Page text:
January 11, 2013 in Blog/Updates
By Brittany Carter, Impact12 blogger
The Day of Outreach is an Impact Movement national conference tradition. Each year this afternoon of service provides conferees with an opportunity to give action to the faith that they have been developing and working through, challenging young believers to ask and the answer the question, “Do I really believe this?” We live in a culture where two main approaches define how we manage knowledge: intense pride produced from thinking we know everything or trepidation produced from being convinced we know nothing at all. We either walk around with an exaggerated confidence or constantly second guess ourselves. Neither of these are God’s desire for us. At Impact12, we were not been confronted with complex intellectual material that is questionable and up for debate. Rather we were confronted with the enduring truths of the infallible words of a God who cannot lie!
As we allowed those truths to shine light into the darkest places in our hearts and speak into the depths of our spirits, we felt the conviction and responsibility do what Christ did – make them available to everyone. Packed into yellow school buses and equipped with boxes of donated food, we were sent to various neighborhoods in the New Orleans community on December 31st and connected with local churches that knew those neighborhoods best. We ate, communed, and prayed with the church members before partnering with them to engage in both street and door-to-door evangelism. It was the finest and most effective example of indigenous ministry that I’ve ever seen.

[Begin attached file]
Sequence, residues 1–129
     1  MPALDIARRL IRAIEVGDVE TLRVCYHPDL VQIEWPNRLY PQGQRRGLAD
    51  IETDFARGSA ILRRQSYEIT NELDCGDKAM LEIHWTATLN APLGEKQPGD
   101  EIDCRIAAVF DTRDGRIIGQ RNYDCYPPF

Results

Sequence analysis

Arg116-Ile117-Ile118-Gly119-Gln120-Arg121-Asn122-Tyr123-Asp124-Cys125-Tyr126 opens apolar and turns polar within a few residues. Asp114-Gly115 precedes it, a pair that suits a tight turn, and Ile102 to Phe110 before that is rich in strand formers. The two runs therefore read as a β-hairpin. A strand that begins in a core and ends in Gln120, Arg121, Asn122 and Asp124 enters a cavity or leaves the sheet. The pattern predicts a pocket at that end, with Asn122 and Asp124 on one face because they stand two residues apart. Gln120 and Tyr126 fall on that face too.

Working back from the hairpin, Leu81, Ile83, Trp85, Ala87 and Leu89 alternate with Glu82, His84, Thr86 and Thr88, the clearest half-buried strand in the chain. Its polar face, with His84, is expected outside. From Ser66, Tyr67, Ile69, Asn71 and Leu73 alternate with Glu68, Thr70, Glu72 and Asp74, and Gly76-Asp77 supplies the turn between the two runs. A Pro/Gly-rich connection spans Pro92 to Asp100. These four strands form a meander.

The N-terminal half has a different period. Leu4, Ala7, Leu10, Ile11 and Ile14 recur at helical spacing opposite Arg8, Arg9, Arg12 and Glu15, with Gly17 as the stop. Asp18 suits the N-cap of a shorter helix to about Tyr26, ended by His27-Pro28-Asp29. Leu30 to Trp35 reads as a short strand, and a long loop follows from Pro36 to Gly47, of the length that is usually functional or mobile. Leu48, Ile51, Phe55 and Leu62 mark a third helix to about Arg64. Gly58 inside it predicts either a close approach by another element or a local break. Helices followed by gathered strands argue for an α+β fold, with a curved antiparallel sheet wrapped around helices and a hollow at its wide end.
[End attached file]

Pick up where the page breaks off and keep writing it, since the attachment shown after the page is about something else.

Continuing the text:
When we returned to the conference that night, we split into small groups where we were able to process the experience of sharing our faith (some of us for the very first time) in an intimate setting. People recounted stories of being invited into homes and consoling weeping women who felt God tugging at their hearts, praying with young brothers on the street who were unsure of their faith, and the joy of being able to meet the material needs of the community with food as they were also opening the door for God to meet spiritual needs.
“It’s crazy how so many of us came here for different agendas – some for boys, some for food, some for New Orleans – and now, we’re all on the same agenda,” said the young woman sitting to my left. Even in her brevity, she summed up how everyone felt with such precision. Today we realized that the truth of the Gospel supersedes it all. It overwhelms our base desires. It re-directs our selfish ambition. As is the supernatural nature of God-centered service, when we reached out to others, the Lord reached out and pulled us back to Him.